Secondly, Who conducted Everton’s defence of the charges bearing in mind the main protagonists have been removed ie DBB and Grant Ingles?

  2. This mess typifies the performance of our whole board of directors – amateurish in every single respect despite the comments and glowing references of “wealthy” Mr Moshiri. I’m astounded that a man of Moshiri’s background that he failed to consider the impact of his pre-planning consent expenditure on PSR and how did our auditors not give advice about the treatment of said expenditure. Treat it as a prepayment and capitalise it after consent is given – get it underwritten by Moshiri so the Company is not saddled with expenses. Moshiri could have setup another company to take the cost and then Everton buy that company for a price to cover those costs once planning consent was given. Naive, incompetent management lacking forsight and experience.

    Sort out this timing difference and everything else disappears.

    I’m confident that we will survive if the 10 point penalty stands although a good and solid defense will hopefully reduce the penalty. At least the monkey is off our back on this problem leaving just 777 to be resolved.

  3. A thorough and dispassionate review, level headed, non judgemental. Balanced. Personally, it looks to me that our points to the commission have not been put well. As has been commented elsewhere, maybe this is due to arrogance or an unprofessional presentation. Bearing in mind the lack of professionalism in other parts of the Boards dealings, an the generally amateurish approach of those involved, I suspect the commission took this in to account in the judgement. Next Tuesdays meeting of the Premier League members will be interesting, I am hoping that a balanced discussion takes place and that other teams under the spotlight get equal treatment. I do hope that the club appeal the decision, and that the appeal is presented in a more professional manner. I have been on both sides of appeals, and during the appeals process it has become apparent as to whether or what outcome is likely. If there is no prospect of success in the appeal, whatever amounts to success, then we should just move on, as unpalatable as that is.

  4. „ The conclusion drawn by the Commission is that Everton were responsible for their own position. It was of their own making”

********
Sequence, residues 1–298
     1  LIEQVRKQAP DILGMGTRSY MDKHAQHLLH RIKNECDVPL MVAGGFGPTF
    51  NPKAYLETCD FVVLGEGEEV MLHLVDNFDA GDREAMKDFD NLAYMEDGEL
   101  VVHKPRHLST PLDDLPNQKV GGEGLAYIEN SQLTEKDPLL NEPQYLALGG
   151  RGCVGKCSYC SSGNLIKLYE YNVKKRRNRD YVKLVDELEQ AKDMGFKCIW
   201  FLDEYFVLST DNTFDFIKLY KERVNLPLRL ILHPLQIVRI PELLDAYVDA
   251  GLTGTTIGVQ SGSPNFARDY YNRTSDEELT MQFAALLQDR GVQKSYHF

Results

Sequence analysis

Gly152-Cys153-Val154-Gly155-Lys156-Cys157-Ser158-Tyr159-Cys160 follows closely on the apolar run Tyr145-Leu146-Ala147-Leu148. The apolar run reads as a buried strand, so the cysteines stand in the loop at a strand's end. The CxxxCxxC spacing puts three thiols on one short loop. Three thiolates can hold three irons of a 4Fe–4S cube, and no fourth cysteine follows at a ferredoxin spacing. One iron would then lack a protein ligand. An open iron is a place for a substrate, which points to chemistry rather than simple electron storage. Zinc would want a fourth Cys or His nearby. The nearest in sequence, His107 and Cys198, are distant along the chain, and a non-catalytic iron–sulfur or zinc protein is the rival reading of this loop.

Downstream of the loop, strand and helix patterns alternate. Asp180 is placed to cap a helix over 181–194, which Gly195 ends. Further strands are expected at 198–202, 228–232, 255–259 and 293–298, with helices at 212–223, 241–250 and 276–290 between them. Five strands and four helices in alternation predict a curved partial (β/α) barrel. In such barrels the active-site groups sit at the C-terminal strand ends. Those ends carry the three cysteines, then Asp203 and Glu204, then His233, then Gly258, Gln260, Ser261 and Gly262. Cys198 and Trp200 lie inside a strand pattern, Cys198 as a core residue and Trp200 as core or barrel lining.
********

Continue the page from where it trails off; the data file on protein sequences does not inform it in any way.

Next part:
Hard to disagree With that to be honest

    • I don’t think anyone, even Everton, dispute the fact that the situation was of its own making. However, that does not mean that the “independent” Commission can hand out whatever sanction it wishes. Any review of the report published by the PL confirms that it is both unsupported (by PL Rules, by legal precedents etc) and that it has no basis in logic or fact. For example, and as Paul noted in the podcast, the Commission recognises that Everton gained no sporting advantage and yet it has imposed a sporting sanction – with its only justification for this being that Moshiri is a very rich man and so a financial penalty would not have any impact. Similarly, the Commission rejected the PL’s proposed formula for calculating the points deduction (as they correctly stated that it was not in its Rules, and therefore not known to Everton) and yet it then arrived at the same points deduction (10) that it would have if it had used the formula; and it provided no other basis for its calculation. To me, the club breached the PSR and then tried to back-fit the interest calculations etc into its book to try to avoid the consequences – therefore, and although some of the mitigating factors (eg. Ukraine & Sigurdsson etc) should have been considered in the context of the extent of the breach – we should still have got some form of penalty/sanction. However, the PL has simply engineered this to give the outward impression that it can self-govern, and so does not need an independent/governmental regulator. Everton should appeal, but it should do so based upon the basis/quantification of the penalty; and maybe it should also refine its arguments in relation to some of its more plausible mitigation points.

      • The Commission unequivocally found that Everton derived a sporting advantage through excessive spending during the period in question (4 years). Please read §95 of the judgment. As a consequence, a sporting sanction was deemed appropriate. The level of that sporting sanction (points deduction) was then determined with reference to the severity of the breach and any mitigating/aggravating circumstances. Quite clearly, Everton’s less than frank cooperation with the PL went against them and its hard to argue against that.

      • LG, If you think anything within that report is either unequivocal or substantive (or reasonable), there is no point in debating any further – and I say this as someone with a legal background. My comment related to substance and quantum of the penalty/sanction – and it also clearly states that I agree that Everton breached the PSR and so should have been penalised. However, plucking a number out of the sky (or implicitly using a formula that is acknowledged to be irrelevant) is not the way to reasonably determine the penalty. NB. I have read the report at length & know it’s a poor ruling, and so don’t intend to comment any further on it/respond to anything you may care to post. UTFT.